Review of Bangladesh-India ODIs.

Bangladesh won the series 2-1. However the first two matches were won by the narrow margins of 1 wicket and 5 runs, while India won the 3rd match by a massive margin of 227 runs.

Bangladesh had also won 2-1 against India in 2015.

Here we review the main statistical highlights of ODIs between these teams.

Overall results:

While Bangladesh has done relatively well on its home soil, it has not yet won an ODI against India in India. They have won only one match on neutral grounds, but that was enough to prevent India proceeding further in the 2007 World Cup.

We now look at individual records, starting with Batting:

Most runs (250 or more):

Ishan Kishan is not here as his 210 was scored in his only ODI against Bangladesh.

Kohli and RG Sharma head this list, with Shakib in third place.

Highest innings (100 or more):

Ishan Kishan has the highest score here. Among other things, this is the highest maiden century in any ODI.

It is far ahead of the earlier mark of 175 by V Sehwag during the 2011 World Cup. The best by Bangladesh is

121 by Litton Das in 2018.

The records set by Ishan Kishan are summarised here:

https://www.espncricinfo.com/story/stats-ishan-kishan-double-century-ban-vs-ind-2022-23-3rd-odi-1348968

Highest batting averages (Minimum 20 innings):

Only two batsmen have played sufficient innings.

Highest strike rates (Minimum 500 balls faced):

Kohli is followed closely by RG Sharma.

Now for Bowling:

Most wickets (10 or more):

This list is led by 4 Bangladeshi bowlers, starting with Shakib with 28. Agarkar has the most for India with 18.

Best innings bowling (including all 5wi):

Headed by the startling 6 for 4 by STR Binny. The next best is 6-43 by Mustafizur. Also note Sehwag’s 4 for 6.

Best bowling averages (Minimum 1000 balls bowled):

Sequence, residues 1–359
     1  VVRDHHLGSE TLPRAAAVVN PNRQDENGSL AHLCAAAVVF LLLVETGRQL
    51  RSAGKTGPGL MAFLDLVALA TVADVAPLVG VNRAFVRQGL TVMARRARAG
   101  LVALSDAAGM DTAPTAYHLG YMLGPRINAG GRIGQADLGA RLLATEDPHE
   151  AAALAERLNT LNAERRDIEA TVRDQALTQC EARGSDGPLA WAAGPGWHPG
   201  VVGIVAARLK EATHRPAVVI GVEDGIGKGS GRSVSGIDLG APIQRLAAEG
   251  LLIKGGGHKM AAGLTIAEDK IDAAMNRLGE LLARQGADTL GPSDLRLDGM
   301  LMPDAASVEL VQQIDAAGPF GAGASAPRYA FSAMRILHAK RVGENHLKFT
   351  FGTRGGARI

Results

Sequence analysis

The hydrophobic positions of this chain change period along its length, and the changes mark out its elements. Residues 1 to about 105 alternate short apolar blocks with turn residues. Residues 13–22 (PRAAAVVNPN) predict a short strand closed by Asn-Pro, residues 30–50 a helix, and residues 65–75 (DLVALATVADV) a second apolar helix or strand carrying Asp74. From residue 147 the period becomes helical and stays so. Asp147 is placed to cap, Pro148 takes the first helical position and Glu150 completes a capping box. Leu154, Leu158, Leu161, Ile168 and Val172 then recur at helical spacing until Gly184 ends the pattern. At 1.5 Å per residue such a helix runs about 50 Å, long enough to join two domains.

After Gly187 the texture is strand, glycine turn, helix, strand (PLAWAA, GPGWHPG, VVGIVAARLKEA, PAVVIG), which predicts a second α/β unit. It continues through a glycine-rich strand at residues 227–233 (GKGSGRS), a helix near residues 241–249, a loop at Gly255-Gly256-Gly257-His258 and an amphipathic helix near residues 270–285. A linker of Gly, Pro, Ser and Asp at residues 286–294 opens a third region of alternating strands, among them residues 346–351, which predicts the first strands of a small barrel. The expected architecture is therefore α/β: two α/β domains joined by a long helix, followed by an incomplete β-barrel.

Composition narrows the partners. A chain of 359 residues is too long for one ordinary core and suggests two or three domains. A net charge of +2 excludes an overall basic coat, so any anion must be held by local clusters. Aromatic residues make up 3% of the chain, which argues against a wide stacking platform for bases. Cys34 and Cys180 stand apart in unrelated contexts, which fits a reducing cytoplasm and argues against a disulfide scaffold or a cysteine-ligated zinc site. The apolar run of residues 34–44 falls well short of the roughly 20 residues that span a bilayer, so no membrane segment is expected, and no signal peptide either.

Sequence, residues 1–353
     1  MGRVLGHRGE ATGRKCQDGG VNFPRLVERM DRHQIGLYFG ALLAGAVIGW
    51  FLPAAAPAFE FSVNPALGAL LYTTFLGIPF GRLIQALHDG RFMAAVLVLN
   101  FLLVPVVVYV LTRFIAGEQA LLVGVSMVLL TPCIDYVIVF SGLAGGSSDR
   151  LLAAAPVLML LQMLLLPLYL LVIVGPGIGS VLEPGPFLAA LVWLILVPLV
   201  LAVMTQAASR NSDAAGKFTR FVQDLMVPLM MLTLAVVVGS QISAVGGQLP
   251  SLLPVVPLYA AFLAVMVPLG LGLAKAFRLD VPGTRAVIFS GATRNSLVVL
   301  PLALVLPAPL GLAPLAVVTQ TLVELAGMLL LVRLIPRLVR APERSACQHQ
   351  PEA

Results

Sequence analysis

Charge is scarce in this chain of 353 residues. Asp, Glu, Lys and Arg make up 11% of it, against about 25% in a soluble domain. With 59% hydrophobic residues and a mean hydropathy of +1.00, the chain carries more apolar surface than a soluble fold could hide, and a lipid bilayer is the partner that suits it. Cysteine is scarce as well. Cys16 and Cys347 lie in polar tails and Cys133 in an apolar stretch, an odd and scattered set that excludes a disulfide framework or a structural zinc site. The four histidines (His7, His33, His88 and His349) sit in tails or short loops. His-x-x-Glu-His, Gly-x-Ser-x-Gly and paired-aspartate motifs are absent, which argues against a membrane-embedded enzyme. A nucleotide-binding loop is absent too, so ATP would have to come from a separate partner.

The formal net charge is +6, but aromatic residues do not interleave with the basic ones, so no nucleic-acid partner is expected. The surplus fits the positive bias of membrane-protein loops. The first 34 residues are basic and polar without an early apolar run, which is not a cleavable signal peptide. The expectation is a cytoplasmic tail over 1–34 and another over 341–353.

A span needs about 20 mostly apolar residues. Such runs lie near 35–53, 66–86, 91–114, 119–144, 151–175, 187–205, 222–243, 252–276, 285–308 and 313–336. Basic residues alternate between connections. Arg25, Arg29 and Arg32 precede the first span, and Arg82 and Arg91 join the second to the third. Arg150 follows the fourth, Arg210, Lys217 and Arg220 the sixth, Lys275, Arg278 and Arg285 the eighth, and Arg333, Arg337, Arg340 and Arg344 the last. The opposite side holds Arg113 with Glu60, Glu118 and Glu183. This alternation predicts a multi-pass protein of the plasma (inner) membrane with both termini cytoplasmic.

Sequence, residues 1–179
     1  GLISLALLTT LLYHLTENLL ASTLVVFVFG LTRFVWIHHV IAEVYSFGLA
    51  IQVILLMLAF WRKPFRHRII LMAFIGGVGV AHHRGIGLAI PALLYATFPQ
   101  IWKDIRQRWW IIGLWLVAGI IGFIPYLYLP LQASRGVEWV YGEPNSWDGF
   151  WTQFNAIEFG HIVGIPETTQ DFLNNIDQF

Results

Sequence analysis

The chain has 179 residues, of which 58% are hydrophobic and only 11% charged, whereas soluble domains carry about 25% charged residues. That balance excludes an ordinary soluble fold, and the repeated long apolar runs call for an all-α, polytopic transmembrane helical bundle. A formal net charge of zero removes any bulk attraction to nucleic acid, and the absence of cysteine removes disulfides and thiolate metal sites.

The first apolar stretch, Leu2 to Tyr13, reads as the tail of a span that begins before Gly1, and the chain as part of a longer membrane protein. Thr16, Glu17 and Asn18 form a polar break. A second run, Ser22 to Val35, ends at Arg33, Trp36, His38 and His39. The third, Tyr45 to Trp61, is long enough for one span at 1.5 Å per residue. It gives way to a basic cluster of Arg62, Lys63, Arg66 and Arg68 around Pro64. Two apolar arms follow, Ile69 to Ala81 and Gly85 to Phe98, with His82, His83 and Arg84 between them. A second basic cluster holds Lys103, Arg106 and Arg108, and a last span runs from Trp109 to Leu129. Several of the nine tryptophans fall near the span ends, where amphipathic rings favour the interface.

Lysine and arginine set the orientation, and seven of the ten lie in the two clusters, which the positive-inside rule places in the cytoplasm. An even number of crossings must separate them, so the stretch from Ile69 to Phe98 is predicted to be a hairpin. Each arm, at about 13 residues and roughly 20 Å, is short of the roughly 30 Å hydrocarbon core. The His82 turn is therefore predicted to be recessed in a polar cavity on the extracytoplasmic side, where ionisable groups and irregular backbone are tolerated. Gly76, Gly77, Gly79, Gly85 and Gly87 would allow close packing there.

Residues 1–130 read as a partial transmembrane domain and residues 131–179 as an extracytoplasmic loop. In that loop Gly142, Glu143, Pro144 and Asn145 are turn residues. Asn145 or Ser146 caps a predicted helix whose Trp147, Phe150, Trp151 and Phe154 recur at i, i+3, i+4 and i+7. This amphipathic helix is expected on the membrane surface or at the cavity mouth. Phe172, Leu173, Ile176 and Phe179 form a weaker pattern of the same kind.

Shakib heads this list which has only one other member in Mortaza.

Now for Fielding:

Most dismissals (6 and above):

Dhoni (32) is followed by Mushfiqur with 29.Dhoni has the most stumpings with 10, while Mushfiqur has the most catches as a keeper (25). The most catches by a fielder are 8 by S Dhawan.

Most dismissals in an innings (4 and more):

Led by MS Dhoni and Mushfiqur Rahim with 5. Dhoni has 2 stumpings, while the most by a fielder is 4 by S Dhawan.

Highest dismissal rates (Minimum 20 innings):

Led by Dhoni and Mushfiqur again. Mortaza and Shakib have the best figures for fielders.

All-round performances:

Overall (see criteria from table):

Only Shakib has batted and bowled enough.

Match figures (Minimum of a fifty and a 5wi):

Only 3 instances here. Tendulkar’s 47 and 4-54 would appear to be the best.

Analyzing Test captaincies – 2

Today we look at those who captained their sides in only one Test.

There are 46 such cases.

First, the 10 who won that Test:

CA Smith is the only one here whose Test career ended with a win. He did take 5 wickets in an innings and seven in the match, which was the first Test ever played in South Africa. But this Test status of this series was decided several years later.

He finally ended up in Hollywood: https://en.wikipedia.org/wiki/C._Aubrey_Smith

He was unfit for the second Test, and another player MP Bowden captained for his only Test. He died in Rhodesia in 1892, and Wisden’s obituary did not mention that he had played in Tests.

This list includes many prominent players, notably Harvey, Bill Brown and Shastri. Shastri was fortunate in having ND Hirwani take 16 wickets on debut.

Mashrafe Mortaza was also fortunate in that he was injured early in the Test and still gets credit for the win where Tamim Iqbal captained for most of the Test. It was Bangladesh’s first Test win abroad and second overall – though the West Indies was effectively fielding a third XI due to boycotts by many players.